“Surviving the China riptide.”

Is the title of an absolute must read article by George Stalk, Jr. from Supply Chain Management Review. The article is a month old, but I only just recently discovered it. The article strongly advocates a “look-before-you-leap” process when deciding whether to go into China and suggests that all companies should take a good luck at their supply chain strategy.

Surface freight from Asia to the West Coast of North America is growing at a rapid (and, by historical standards, explosive) rate. Port and surface-transport capacities, however, are not. North American ports and rail systems are beginning to choke, and delays and uncertainties are increasing. Freight demand on North America’s West Coast has been growing at a rate equivalent to one Port of Vancouver per year, and a rapid expansion of port and rail capacity would be difficult given political pressures and formidable environmental resistance. In fact, the situations we describe in this article are going to get far worse before they start getting better. Nor is the problem limited to North America, Europe will soon experience similar challenges.

The supply chain bottleneck is beginning to affect the performance of manufacturing and retailing companies that rely on surface logistics to get their goods from Asia to the heartlands of North America. But few executives in retail or durable-goods companies understand the magnitude of the challenge. Even fewer are investing against the phenomenon to reduce costs, improve profitability, and create competitive advantage.
We strongly believe that by focusing on reducing time and variability in the China-anchored supply chains serving North America and Europe, companies can reduce their costs dramatically, improve their margins, and build competitive advantage. We believe that such performance improvements will dwarf the more conventional profit-improvement efforts now under way in most companies.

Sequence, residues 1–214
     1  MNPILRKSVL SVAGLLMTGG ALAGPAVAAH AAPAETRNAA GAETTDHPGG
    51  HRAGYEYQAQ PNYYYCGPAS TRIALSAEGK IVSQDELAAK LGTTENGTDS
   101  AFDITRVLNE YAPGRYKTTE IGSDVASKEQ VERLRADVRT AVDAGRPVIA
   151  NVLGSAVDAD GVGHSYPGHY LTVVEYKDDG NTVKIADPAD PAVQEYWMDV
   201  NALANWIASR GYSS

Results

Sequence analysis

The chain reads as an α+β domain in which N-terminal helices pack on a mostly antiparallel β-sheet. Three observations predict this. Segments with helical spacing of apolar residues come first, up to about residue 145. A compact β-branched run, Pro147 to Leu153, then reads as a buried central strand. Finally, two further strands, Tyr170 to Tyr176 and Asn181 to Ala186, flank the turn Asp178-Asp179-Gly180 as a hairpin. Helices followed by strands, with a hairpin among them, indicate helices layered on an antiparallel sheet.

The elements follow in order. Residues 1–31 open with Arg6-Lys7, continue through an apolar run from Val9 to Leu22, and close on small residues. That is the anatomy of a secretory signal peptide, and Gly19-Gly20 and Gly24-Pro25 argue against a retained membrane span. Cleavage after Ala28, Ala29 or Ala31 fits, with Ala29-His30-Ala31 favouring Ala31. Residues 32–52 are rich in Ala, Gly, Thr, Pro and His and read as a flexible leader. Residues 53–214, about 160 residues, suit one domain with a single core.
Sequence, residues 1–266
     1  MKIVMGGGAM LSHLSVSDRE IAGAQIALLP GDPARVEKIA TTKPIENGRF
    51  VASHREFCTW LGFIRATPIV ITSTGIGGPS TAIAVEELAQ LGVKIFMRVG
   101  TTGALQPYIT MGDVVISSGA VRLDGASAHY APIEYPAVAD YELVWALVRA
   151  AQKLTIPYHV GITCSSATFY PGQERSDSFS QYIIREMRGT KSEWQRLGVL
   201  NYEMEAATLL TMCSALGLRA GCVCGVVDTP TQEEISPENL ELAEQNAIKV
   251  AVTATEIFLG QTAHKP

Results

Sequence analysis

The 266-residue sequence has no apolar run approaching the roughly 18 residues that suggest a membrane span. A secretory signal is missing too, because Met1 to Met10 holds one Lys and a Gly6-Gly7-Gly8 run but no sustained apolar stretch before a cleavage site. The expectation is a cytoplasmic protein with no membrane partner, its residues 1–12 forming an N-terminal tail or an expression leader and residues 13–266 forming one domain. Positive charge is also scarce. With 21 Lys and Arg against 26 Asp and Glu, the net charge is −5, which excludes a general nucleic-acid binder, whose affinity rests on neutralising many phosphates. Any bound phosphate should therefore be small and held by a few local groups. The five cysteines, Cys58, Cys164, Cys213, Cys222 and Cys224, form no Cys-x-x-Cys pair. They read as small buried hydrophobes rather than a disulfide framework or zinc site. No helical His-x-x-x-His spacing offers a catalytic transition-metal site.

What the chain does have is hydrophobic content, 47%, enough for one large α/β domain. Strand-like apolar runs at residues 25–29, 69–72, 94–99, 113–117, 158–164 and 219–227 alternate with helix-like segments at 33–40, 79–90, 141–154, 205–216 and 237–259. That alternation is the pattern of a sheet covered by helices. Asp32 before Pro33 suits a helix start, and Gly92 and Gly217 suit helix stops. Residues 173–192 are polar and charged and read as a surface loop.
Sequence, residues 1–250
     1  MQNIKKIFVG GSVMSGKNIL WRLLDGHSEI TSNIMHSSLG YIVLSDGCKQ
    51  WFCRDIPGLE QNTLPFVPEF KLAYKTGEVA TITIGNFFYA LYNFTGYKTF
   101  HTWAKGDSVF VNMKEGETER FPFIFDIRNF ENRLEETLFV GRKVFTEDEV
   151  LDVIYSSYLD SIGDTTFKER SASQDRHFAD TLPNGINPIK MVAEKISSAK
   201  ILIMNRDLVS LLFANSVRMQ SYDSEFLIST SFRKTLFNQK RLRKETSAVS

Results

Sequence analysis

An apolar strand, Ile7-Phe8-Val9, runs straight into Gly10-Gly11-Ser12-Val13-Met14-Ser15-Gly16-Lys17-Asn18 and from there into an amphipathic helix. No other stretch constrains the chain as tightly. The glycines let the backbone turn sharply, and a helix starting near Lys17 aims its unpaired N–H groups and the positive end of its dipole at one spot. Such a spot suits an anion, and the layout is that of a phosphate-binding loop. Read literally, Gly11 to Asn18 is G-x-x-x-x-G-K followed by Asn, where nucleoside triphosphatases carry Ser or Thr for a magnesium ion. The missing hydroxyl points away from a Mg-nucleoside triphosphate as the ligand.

The author suggests that for companies to remain competitive:

– They can aggressively manage their China-based supply chain, looking for ways to squeeze time from it that competitors haven’t identified or exploited.
– They can explore alternatives that will minimize adverse effects on the supply chain. These alternatives may include options—such as increased use of air freight—that appear costly but may actually result in lower overall expenditure by reducing hidden costs.
– They can invest in premiums and capabilities. Premiums are the extra payments required to get preferred treatment from ground, sea, and air shippers, port services, and other suppliers. Investments in capabilities enable companies to be better than competitors at managing their business in spite of the problems on the West Coast. These initiatives can include cross-docking, facilitated portside handling, and “track and trace” capabilities to keep boxes moving.

Companies that make creative investments like these will benefit enormously, change the dynamics of their industry, and open a competitive gap that will complement and enhance advantages founded on merchandising and store management. Many companies, however, are not dealing explicitly with the China riptide challenge because they are underestimating the importance of fast, effective supply chains. Most know that supply chain management is important. But rarely do executives think of supply chain investments as an outright source of competitive advantage. They underestimate the magnitude—and the impact on profitability—of the hidden costs of longer supply chains, reduced flexibility, and lost gross margin from missed sales and write-downs.

He then goes on to analyze the hidden costs of a product that arise from fluctuations and challenges in the supply chain. His analysis is very technical and lengthy but is an excellent example of how companies who optimize their supply chain, integrating information flows and cutting cycle times, will have the advantage over their competitors. What I found extremely interesting and illuminating was the results of the analysis comparing a domestic supply chain to a China-based supply chain, clearly illustrating that a domestic supply chain that could optimize their information flows and cycle times would have a substantial operating margin advantage over the China-based supply chain. The author readily concedes that “…the competitive dynamic might continue with the China-based chain becoming integrated and also cutting its cycle time in half. In that case, the advantage returns to the China-based chain because of its lower UPC.”